Farmers, you have issues — downer dairy cows, structurally unsound cattle, and osteoporosis so bad in laying hens that huge numbers of them suffer broken bones.
That’s the latest message from world-renowned animal scientist Temple Grandin, and it comes with a stark warning: Producers need to address these issues before society steps in and dictates change.
In her most recent presentations, the professor of animal science at Colorado State University and bestselling author has been talking about how feedlots and slaughterhouses have dramatically improved their practices. And how it’s now the turn of primary producers to do the same.
“When I go to a slaughterhouse, I’m seeing problems I have to fix at the farm,” Grandin told Alberta Farmer at the Society for Range Management meeting in Sacramento, Calif. last month.
“I get concerned about pushing biology too hard.”
The cattle industry has enthusiastically used Expected Progeny Differences in breeding programs, but Grandin said it has gone overboard. The result is animals with large muscle frames that produce large amounts of meat, but with small legs that cannot support the weight, as well as cardiovascular problems, she said.
There is a simple solution: Address leg conformation issues when breeding and wisely employ advances in genomics, she said.
“With these breeding power tools (genomics), we can really make change fast,” she said. “A power tool is a good thing, but you have to use it carefully so you don’t have problems.”
“Biological overload” is also a major issue in milk and egg production, she said.
The unceasing push for more milk from dairy cows had resulted in more lameness and reproduction issues, while layers suffer a high incidence of bone fractures because increased egg production has led to depletion of calcium in the bones of hens.
“Twenty to 80 per cent of old laying hens have broken bones due to osteoporosis,” said Grandin, citing a University of Bristol study.
The beef industry has issues, too. For example, beta-agonists, especially when used during hot weather, contribute to stiff, sore cattle, and worsens leg conformation issues, she said.
“They still have to live on the range. You mess them up too much, they are not going to function like a beef cow should. They are not going to mother up.”
Honestly confronting problems leads to meaningful change, said the 67-year-old, who drew on her experience as someone with autism to better understand animal behaviour and then used those insights to advise meat packers and feedlots to revamp their systems and handling procedures.
“Handling has really improved, slaughterhouses have really improved,” she said. “That’s due to McDonald’s audits, which I’ve helped implement, and USDA getting more strict.”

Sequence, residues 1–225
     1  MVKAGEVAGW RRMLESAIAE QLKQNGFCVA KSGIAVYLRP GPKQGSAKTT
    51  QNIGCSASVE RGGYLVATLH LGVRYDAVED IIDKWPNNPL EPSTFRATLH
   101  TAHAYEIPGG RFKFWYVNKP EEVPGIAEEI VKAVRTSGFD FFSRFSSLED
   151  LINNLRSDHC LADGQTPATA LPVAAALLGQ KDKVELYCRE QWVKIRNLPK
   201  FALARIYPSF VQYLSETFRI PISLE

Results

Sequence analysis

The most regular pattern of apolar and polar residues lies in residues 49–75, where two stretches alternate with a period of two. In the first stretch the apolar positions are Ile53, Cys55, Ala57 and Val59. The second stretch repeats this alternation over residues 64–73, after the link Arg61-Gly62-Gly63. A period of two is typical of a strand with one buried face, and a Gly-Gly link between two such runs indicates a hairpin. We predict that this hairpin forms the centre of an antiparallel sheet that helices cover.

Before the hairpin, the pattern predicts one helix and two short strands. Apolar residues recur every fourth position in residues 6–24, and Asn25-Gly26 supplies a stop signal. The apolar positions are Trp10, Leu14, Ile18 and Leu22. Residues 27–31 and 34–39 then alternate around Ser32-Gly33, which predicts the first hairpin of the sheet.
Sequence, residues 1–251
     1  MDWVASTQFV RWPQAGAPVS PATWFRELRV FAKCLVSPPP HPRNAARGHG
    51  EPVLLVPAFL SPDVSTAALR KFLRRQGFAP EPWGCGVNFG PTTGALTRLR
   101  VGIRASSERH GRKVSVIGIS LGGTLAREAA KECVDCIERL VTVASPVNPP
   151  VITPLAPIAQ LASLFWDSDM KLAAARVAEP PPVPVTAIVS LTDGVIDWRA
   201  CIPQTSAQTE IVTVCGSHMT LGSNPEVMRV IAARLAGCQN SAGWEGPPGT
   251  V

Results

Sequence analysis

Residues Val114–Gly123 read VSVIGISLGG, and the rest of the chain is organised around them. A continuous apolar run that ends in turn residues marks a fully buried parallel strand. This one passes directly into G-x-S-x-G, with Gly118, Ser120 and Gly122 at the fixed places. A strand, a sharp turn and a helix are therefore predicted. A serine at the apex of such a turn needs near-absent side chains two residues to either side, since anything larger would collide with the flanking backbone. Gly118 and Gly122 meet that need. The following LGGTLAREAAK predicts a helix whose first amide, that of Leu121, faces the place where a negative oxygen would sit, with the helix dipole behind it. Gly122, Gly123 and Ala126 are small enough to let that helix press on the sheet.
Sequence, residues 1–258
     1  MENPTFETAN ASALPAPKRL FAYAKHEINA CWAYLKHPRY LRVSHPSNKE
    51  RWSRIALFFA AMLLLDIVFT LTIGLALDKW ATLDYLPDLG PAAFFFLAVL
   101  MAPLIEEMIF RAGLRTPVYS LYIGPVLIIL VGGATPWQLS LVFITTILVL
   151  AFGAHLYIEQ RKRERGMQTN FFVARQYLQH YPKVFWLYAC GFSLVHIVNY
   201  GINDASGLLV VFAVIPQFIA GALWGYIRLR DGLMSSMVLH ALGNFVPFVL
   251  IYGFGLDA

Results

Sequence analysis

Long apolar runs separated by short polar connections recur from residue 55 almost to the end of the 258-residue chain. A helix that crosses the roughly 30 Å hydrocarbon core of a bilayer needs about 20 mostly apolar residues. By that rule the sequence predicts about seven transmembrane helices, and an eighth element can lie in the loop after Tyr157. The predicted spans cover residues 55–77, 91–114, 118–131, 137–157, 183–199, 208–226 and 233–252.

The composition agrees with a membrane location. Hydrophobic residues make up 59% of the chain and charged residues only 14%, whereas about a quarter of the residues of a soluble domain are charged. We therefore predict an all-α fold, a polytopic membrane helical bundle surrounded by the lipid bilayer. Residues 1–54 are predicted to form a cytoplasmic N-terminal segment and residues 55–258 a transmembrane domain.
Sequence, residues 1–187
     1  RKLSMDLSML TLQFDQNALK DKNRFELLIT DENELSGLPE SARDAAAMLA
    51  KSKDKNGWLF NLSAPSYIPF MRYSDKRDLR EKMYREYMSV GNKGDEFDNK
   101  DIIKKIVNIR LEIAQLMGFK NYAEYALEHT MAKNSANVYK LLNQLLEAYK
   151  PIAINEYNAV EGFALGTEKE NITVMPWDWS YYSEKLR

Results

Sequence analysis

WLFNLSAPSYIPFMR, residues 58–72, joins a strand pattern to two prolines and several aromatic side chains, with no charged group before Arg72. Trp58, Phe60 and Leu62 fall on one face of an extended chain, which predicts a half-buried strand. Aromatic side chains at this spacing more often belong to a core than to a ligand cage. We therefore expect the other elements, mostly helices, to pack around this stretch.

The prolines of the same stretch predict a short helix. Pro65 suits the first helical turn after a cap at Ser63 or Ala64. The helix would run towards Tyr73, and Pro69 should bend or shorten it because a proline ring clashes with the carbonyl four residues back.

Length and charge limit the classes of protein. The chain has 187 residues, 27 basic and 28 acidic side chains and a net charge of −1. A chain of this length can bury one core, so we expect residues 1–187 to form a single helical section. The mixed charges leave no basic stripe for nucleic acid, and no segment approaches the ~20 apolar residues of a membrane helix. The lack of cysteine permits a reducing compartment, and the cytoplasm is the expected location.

She pointed to a Kansas State University study of 28 feedlots. Average prod use had fallen to 5.5 per cent and since the majority of the cattle were calmly walking or trotting out of the chute, trips and falls were under one per cent.
So what’s her solution to issues on individual livestock operations?
Grandin’s advice is to take a page from the playbook of slaughterhouses she’s worked with and be fully transparent, instead of sitting back and allowing animal activists to sensationalize the industry’s shortcomings.
“When you get bashed you need to be opening the door, not closing it,” she said.
Grandin has done this by participating in the North American Meat Institute’s Glass Walls Project, which has created YouTube videos that take viewers inside U.S. cattle, hog, and turkey slaughterhouses. The footage is sometimes graphic — cattle being killed with a bolt gun, their legs kicking because of a spinal reflex that occurs briefly after death. But it’s increasingly important to be open and transparent, she said, adding being on social media is part of that engagement.
Letting the public see what goes on at farms will not only drive reforms in breeding programs, but also inform them about positive contributions of livestock operations, she said. For example, most people have no idea of how livestock benefit the land when proper grazing management is utilized.
“A lot of people think that cattle are ‘evil land wreckers,’” said Grandin. “The general public does not even know (grazing management) exists.”
However, being in the public eye isn’t easy and producers have to be prepared for that, she said.
“I get bashed on both sides,” she said. “I get bashed by animal rights radicals who have called me a ‘Nazi.’ And then there’s some people in ag who have bashed me because I don’t support everything that ag does.”
But retreating into industry “silos” would be a mistake.
“We have to work at cutting down the silos, and it’s not always easy,” she said.
Teaching kids, keeping good help, and social media
Temple Grandin is never afraid to voice an opinion. Here are some of the other topics she addressed in her interview with Alberta Farmer contributor Jill Burkhardt.
On exposing kids to the real world:
“Hands-on classes teach practical problem solving. I’m very concerned today about kids being removed from the world of practical things.”
On finding and keeping good ranch help:
“There is starting to get a lot of interest in low-stress stockmanship, and I think that’s a wonderful thing. There’s a lot of places that can pay for good stockmanship than what they are paying. But they would like to live better than in a trailer.”
On using YouTube and social media:
“What are chores to you is interesting to the public.”